• Security: You only deal with secure connections between you and your Usenet Provider; no one else! Torrents can have you to maintaining thousands of connections to different systems and sharing data with them. With BitTorrent setups, tracker are publicly advertising what you have to share and what your trying to download. Your privacy is public to anyone using the same tracker that you’re connected to. Not only that, but most torrent connections are insecure as well which allows virtually anyone to view what you’re doing.

Please know that I am not against torrents at all! In fact, now I’ll take the time to mention a few points where torrents are excel over Usenet:

  • Cost: It doesn’t usually cost you anything to use the torrent network. It all depends on the tracker your using of course (some private trackers charge for their usage). But if you’re just out to get the free public stuff made available to us, there are absolutely no costs at all to use this method!
  • Availability: Usenet is far from perfect. When someone uploads something onto their Usenet Provider, by the time it propagates this new content to all of the other Usenet Servers, there is a small chance the data will be corrupted. This happens with Usenet all of the time. To compensate for this, Usenet users anticipate corruption (sad but true). These people kindly post Parchive files to Usenet to compliment whatever they previously uploaded. Parchive files work similar to how RAID works; they provide building blocks to reassemble data in the event it’s corrupted. Corruption never happens with Torrents unless the person hosting decides to host corrupted data. Any other scenario would simply be because your BitTorrent Client had a bug in it.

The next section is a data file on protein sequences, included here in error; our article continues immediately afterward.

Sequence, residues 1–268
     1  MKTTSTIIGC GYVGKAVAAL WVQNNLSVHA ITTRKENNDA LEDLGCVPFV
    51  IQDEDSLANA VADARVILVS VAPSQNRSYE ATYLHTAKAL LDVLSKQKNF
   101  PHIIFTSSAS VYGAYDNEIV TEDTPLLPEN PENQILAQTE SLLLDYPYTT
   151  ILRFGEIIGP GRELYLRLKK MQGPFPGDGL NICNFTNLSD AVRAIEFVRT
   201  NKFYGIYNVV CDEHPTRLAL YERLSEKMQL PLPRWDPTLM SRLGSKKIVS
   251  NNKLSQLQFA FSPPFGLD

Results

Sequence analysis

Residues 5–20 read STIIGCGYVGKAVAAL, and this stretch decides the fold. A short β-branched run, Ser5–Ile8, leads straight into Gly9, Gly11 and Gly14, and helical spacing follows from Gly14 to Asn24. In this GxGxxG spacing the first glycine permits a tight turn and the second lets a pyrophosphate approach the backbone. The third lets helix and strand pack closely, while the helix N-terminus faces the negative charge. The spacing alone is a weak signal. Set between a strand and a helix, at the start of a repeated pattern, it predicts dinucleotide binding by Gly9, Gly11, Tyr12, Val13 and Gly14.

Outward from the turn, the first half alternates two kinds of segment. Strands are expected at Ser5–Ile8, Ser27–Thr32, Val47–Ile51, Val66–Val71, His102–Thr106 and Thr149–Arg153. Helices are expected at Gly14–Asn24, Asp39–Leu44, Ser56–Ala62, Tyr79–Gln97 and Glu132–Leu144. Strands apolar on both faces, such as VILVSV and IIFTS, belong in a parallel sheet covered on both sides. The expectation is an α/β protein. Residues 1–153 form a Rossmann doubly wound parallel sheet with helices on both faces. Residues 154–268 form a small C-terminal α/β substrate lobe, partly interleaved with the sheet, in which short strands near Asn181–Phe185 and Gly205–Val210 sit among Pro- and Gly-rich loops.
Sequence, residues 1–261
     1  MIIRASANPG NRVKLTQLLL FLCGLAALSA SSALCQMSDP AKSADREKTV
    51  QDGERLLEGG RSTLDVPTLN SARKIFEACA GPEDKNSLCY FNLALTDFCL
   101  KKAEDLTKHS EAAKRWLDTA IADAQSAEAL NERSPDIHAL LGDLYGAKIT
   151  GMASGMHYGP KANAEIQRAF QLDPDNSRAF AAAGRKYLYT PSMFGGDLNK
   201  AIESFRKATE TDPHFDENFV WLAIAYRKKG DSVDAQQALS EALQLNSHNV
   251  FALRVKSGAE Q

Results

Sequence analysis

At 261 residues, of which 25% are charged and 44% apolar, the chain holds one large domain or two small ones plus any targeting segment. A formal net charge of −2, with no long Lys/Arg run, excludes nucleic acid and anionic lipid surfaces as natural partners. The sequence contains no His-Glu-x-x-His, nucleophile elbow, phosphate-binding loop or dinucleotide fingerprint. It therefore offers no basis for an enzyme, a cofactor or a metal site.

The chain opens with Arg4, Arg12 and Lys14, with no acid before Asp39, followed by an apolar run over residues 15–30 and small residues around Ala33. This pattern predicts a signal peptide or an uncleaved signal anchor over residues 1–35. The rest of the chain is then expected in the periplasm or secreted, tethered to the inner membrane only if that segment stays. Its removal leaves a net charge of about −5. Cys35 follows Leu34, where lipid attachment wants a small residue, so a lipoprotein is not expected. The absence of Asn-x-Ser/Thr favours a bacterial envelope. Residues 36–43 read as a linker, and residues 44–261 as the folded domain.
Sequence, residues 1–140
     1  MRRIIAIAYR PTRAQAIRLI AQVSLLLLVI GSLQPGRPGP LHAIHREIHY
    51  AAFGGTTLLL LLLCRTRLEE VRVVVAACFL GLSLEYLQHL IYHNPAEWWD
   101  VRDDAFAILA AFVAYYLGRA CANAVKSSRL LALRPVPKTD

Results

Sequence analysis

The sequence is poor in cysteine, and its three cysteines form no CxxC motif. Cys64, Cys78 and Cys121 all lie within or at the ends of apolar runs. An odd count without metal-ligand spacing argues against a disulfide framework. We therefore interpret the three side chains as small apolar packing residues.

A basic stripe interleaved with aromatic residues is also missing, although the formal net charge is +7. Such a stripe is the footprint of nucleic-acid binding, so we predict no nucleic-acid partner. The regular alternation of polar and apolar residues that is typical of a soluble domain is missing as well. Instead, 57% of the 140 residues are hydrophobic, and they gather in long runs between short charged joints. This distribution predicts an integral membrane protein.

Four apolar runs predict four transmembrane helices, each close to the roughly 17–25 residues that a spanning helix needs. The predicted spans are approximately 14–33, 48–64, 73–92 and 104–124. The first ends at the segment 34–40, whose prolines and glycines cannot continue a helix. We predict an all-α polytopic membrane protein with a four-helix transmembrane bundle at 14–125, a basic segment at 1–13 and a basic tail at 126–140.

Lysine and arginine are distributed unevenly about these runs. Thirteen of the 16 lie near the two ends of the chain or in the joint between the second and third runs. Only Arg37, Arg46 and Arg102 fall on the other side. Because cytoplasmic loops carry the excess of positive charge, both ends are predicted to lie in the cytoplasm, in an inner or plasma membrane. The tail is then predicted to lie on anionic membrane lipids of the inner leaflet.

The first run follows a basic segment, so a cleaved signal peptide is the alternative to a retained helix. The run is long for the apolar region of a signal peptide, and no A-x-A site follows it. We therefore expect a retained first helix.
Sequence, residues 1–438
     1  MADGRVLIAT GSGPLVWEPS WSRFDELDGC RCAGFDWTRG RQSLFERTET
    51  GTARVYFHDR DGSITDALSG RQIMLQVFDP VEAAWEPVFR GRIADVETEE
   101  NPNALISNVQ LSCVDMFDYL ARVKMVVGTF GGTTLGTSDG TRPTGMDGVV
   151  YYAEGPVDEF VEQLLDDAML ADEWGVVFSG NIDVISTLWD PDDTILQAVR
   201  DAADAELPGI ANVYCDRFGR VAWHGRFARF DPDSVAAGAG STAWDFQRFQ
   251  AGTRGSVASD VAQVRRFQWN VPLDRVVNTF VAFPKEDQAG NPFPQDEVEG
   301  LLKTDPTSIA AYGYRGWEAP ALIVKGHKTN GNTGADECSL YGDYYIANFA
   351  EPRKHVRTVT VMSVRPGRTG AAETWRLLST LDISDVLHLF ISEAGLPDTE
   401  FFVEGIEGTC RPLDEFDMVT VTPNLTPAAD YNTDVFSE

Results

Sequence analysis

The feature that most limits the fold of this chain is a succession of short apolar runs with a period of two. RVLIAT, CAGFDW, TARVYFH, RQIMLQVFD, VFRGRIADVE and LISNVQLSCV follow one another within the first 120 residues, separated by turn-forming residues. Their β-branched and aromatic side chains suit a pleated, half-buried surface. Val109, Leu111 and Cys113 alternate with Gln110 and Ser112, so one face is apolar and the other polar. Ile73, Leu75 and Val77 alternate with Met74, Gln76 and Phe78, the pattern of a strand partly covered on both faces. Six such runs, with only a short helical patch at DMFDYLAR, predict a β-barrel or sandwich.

• Retention: As long as someone is willing to seed something, or enough combined leechers can reconstruct what is being shared, then data will always stay alive in the BitTorrent world. However with Usenet, the Usenet Server is hosting EVERYTHING which means it has to maintain a lot data on a lot of disk space! For this reason, a retention period is inevitably met. A time is eventually reached where the Usenet Server purges (erases) older content from these hard disks to make room for the new stuff showing up every day.

Honestly, at the end of the day: both Torrents and Usenet Servers have their pros and cons. We will always continue each weigh them at different levels. What’s considered the right choice for one person, might not be the right one for another. Heck, just use both depending on your situation! πŸ™‚

Source